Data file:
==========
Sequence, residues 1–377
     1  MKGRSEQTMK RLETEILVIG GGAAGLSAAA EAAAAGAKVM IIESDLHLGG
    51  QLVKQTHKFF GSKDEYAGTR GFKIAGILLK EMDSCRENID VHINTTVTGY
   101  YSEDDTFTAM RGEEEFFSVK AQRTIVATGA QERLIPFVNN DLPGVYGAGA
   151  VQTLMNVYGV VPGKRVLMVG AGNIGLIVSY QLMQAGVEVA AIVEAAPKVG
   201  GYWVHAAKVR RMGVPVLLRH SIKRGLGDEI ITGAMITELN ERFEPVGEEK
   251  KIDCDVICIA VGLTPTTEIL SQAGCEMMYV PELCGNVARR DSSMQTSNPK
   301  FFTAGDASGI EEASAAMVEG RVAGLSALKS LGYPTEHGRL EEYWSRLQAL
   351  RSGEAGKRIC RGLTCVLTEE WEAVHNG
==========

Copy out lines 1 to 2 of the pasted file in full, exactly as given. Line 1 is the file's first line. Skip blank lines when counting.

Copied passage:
Sequence, residues 1–377
     1  MKGRSEQTMK RLETEILVIG GGAAGLSAAA EAAAAGAKVM IIESDLHLGG